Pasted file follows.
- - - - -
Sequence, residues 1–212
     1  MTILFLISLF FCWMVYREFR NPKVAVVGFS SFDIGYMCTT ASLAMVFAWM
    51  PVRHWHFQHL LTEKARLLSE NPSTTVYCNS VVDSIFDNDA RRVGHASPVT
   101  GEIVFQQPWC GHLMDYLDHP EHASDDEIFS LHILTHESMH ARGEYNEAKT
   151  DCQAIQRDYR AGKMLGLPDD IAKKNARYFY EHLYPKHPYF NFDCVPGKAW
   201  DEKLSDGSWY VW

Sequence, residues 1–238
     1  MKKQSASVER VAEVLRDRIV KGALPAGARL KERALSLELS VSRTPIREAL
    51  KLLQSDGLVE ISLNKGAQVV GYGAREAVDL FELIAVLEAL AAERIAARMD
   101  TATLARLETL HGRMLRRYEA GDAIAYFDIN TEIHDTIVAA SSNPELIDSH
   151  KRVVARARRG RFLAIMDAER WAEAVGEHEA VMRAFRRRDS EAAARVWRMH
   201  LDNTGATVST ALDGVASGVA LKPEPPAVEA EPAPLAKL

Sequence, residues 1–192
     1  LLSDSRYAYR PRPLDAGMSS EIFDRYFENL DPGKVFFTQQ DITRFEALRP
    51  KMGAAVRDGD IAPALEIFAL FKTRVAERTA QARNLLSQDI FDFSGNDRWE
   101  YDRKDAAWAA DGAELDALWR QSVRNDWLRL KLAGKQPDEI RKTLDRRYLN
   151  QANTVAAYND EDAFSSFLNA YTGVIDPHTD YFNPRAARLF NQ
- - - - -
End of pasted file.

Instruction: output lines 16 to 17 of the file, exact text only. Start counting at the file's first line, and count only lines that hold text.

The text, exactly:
   101  YDRKDAAWAA DGAELDALWR QSVRNDWLRL KLAGKQPDEI RKTLDRRYLN
   151  QANTVAAYND EDAFSSFLNA YTGVIDPHTD YFNPRAARLF NQ